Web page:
The only caveat is that I see inconsistent performance with my Windows 8.1 VM in Parallels. I wanted to run Visio 2013, but ultimately had to revert back to a Windows XP VM with Visio 2010. That one blazes; the 2013 version was occasionally unusable if I was running a lot of other programs. Quad-core MacBooks with a dedicated nVidia graphics chip will fare better.
MAC VS. MAC:
* rMBP 13 vs. Air:
Easy choice. The rMBP has a better screen and supports 16GB of RAM. If you don't need either, buy the Air.
For those advantages, you end up with a thicker chassis that's a half-pound heavier (3 lbs vs 3.5 lbs). You can edit photos and video with the Air, but the gamut isn't wide enough for professional work, and comparatively poor viewing angles make it harder to show your work to others. Speed is otherwise similar, even favoring the Air because it has fewer pixels to push. Still, at any scaling setting, text and graphics look considerably better on the Retina screen.
If you need 16 GB, you know it already. Mavericks does impressive RAM compression, so 8 GB here is more like 11-12 GB on the Windows side. Be aware that while the internal SSD is fast (700 MB/s), it's still miles slower than the RAM, and the system will tank if it has to page the swap file.
* rMBP 13 vs. MBP 13:
Choose the MBP 13 if you want to add cheap 3rd-party RAM and SSD storage. You lose the Retina screen, the thin chassis, and the stellar Haswell idle battery life. If you don't need expandable storage or the Retina screen (or if you're planning to configure the MBP solely from the Apple page), there's almost no reason to prefer it to the Air. And if you're not budget-constrained, there's no reason at all to choose it over the rMBP.
* rMBP 13 vs. rMBP 15:
If you're editing video or doing a lot of time-sensitive processing, choose the 15. It has a quad-core chip that's 50-100% faster than the 13. Same 16 GB RAM cap, and it's a significantly larger and heavier chassis.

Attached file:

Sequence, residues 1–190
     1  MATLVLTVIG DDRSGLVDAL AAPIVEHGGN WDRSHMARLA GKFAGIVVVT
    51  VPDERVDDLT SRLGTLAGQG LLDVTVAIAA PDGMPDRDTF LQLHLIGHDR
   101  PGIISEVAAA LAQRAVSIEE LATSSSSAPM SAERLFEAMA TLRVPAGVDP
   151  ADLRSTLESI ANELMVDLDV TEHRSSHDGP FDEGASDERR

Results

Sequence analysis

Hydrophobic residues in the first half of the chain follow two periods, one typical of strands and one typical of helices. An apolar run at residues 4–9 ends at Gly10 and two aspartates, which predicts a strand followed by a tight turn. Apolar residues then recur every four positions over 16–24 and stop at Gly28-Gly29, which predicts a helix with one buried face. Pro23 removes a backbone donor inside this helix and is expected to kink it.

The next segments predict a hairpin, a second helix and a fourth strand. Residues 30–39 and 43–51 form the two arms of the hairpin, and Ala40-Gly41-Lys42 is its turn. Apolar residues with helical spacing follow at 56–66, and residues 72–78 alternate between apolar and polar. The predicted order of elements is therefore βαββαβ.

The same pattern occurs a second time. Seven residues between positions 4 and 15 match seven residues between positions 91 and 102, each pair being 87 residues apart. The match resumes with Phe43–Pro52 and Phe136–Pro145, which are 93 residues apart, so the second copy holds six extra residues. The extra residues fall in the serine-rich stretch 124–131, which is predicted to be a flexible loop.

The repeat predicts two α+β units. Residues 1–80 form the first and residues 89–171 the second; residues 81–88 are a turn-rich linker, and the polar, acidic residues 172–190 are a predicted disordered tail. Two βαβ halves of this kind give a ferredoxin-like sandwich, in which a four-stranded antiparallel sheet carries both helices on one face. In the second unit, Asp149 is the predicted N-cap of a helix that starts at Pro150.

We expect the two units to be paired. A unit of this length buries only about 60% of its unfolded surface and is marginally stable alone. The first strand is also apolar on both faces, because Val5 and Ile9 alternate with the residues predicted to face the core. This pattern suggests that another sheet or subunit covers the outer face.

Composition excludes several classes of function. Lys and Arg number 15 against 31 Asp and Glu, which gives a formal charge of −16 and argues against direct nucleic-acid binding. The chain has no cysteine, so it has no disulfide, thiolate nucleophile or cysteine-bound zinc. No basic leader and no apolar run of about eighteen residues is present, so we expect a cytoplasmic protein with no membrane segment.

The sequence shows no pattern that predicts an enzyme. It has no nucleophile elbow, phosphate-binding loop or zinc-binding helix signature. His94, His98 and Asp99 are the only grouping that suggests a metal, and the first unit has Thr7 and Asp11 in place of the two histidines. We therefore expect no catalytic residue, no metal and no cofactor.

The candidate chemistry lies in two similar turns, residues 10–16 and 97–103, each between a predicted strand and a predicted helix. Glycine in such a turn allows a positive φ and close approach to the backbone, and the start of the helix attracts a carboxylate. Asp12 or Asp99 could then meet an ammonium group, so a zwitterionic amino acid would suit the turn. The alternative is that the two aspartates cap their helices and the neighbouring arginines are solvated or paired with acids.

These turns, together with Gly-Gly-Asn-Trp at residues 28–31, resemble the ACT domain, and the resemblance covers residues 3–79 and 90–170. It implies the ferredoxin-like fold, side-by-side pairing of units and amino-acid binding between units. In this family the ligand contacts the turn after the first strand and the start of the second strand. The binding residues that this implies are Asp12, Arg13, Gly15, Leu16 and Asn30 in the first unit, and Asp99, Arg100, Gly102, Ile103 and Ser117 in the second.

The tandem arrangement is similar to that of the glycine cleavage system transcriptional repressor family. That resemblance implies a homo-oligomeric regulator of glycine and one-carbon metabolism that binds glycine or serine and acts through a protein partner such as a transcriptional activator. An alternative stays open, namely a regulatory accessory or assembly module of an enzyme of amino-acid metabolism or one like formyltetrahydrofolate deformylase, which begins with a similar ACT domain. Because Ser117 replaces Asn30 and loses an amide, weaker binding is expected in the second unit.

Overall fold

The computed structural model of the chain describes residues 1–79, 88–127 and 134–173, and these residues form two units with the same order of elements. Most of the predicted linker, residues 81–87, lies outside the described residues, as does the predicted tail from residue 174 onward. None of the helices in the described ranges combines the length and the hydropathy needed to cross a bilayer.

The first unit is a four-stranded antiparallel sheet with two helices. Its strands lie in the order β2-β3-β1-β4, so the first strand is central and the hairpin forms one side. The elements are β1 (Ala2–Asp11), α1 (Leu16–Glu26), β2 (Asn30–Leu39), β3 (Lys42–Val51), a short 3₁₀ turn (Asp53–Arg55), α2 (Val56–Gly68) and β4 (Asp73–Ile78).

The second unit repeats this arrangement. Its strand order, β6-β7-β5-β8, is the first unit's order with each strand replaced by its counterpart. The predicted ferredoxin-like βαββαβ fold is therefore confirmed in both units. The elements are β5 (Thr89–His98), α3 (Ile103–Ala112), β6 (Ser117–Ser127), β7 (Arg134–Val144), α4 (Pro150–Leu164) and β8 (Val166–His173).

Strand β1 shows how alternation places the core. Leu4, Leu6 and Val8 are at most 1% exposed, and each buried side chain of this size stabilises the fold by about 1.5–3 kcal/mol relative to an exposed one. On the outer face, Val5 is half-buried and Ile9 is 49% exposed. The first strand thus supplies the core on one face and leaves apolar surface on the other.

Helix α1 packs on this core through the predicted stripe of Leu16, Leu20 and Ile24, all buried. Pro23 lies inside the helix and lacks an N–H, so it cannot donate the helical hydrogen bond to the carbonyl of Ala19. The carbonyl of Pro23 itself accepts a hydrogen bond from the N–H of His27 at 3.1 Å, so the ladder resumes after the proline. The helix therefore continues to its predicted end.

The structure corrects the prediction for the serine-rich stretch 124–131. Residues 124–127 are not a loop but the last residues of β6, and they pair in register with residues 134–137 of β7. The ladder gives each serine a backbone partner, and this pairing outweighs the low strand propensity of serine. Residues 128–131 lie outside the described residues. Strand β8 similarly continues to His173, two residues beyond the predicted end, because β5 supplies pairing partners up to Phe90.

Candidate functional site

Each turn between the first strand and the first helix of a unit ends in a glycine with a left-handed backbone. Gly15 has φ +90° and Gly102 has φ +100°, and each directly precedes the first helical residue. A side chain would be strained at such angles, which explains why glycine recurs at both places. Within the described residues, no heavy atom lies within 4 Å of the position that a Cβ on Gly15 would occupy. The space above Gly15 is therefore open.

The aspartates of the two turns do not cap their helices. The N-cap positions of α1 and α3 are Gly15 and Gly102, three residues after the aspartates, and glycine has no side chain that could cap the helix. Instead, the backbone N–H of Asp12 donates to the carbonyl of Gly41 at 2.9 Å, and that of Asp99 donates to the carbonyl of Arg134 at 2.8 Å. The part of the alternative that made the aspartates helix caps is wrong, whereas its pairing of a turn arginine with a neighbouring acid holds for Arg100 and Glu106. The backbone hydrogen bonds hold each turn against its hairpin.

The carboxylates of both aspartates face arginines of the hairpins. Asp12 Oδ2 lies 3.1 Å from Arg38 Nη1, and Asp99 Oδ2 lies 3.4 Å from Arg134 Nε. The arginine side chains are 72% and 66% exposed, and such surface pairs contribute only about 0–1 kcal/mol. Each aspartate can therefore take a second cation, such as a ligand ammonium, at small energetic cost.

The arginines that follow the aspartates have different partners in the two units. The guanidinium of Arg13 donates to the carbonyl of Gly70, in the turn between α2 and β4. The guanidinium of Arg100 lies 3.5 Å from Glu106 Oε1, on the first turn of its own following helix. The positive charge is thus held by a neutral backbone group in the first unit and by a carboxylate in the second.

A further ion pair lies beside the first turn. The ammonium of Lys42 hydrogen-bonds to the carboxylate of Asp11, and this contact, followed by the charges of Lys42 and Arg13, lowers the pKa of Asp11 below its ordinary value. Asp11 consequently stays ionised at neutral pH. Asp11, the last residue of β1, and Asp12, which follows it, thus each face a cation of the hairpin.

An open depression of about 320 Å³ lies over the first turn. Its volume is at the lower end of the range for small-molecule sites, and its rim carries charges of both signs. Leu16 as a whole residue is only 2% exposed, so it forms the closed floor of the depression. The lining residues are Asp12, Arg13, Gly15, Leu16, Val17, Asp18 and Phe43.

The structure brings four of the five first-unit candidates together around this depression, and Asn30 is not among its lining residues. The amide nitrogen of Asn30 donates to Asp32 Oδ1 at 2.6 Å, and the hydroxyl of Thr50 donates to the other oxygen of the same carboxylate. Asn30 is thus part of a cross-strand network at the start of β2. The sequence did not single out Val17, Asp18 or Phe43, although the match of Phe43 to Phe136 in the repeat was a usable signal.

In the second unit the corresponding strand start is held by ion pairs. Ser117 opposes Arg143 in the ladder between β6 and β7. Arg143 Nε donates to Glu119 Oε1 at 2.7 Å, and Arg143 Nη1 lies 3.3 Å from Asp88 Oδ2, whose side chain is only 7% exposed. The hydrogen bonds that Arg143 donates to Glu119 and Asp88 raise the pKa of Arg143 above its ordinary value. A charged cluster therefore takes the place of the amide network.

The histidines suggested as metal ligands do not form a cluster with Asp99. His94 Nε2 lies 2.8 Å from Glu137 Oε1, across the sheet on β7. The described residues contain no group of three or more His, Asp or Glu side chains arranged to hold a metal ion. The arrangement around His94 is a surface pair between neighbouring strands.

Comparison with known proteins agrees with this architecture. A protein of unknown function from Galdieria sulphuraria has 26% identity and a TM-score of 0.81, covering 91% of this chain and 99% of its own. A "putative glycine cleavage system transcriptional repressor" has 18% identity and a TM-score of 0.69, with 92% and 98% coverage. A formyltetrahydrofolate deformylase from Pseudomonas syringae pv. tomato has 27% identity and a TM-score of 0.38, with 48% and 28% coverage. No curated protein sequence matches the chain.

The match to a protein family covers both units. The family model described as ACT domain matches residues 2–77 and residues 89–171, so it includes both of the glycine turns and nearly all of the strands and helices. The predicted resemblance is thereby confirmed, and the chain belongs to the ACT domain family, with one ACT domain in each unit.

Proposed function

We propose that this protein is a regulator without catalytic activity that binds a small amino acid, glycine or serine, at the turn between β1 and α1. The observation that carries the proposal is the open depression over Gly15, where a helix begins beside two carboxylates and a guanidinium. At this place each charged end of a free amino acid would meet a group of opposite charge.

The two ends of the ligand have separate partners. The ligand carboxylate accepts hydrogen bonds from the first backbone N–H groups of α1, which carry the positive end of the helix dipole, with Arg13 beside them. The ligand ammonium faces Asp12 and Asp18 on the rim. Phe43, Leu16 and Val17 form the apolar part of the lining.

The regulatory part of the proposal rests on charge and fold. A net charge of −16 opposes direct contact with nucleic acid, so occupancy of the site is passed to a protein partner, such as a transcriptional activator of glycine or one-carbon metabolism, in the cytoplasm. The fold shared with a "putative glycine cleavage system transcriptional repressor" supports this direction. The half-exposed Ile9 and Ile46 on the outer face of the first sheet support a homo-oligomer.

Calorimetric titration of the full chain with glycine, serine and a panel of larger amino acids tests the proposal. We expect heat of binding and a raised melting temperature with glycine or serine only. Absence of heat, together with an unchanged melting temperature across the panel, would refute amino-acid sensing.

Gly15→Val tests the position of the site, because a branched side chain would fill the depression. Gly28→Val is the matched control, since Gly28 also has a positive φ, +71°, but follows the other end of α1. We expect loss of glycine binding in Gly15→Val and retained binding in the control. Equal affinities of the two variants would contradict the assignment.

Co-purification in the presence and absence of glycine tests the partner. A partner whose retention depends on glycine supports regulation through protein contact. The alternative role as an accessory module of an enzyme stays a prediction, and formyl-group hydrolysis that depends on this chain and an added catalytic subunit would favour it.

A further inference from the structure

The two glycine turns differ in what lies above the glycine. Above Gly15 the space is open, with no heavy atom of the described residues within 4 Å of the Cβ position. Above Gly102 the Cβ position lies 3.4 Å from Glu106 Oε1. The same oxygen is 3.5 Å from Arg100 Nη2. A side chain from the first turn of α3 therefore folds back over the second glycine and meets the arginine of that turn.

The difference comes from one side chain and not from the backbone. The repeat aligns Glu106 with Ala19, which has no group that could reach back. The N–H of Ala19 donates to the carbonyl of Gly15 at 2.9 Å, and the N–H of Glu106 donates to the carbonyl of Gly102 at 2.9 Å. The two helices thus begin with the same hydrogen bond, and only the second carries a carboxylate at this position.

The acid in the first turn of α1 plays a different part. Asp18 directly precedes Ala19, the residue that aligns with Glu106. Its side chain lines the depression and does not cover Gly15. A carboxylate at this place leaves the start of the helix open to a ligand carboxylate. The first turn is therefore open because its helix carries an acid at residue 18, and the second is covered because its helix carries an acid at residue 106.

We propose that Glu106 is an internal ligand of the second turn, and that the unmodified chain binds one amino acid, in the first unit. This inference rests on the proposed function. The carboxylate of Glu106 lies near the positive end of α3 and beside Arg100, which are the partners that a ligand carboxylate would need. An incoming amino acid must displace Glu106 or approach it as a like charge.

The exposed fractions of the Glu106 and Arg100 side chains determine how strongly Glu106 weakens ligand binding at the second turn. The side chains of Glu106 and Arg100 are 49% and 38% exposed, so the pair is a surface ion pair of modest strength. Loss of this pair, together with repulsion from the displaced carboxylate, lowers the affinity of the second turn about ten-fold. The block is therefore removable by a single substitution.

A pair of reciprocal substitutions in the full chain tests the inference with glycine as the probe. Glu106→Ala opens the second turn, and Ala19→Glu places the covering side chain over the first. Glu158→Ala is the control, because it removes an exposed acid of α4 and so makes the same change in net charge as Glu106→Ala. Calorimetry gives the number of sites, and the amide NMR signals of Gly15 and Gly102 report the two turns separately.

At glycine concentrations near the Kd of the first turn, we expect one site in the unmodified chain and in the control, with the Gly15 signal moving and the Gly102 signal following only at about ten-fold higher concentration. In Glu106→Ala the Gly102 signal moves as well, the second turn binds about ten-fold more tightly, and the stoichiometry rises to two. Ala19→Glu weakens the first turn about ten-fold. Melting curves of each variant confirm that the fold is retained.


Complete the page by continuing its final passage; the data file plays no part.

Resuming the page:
The 15 is also smoother in OS X by some margin. It doesn't really gain in multitasking; you can slot windows side-by-side easily with the 13 and multiple desktops make up for the ones you can't.
The 15 is really about speed in processor-limited workflows. With 22MP raw files, ACR adjustments on my 13 are adequately fast. Conversions are a little sluggish, as are some Photoshop functions like Content-aware Fill. I don't object, but it's not lickity-split quick like my home quad-core Windows machine and, to a lesser extent, the rMBP 15.
* Fast CPU vs. Slow CPU:
Slow. The major divide is dual-core vs. quad-core (i.e., rMBP 13 vs. 15). The fastest dual-core is maybe 20% quicker than the slowest. Likewise for the quad chips, but the gulf between dual and quad will be more like 75% for some workloads. Better a slow quad than a fast dual, particularly as Intel's Turbo function makes the quads nearly as good for 1-2 core workloads.
* More SSD vs. Less SSD:
More. 256 GB, 512 GB if possible.
Macs don't (appear to) use a shared DLL folder like Windows machines, so every program packages all of its files with it. This makes uninstalls dead-simple and eradicates file-version conflicts, but also increases the size of every program. A 10 MB Windows program may well be 40 MB on the Mac. I rely a lot on cloud storage, so I haven't felt limited by my 256 GB drive.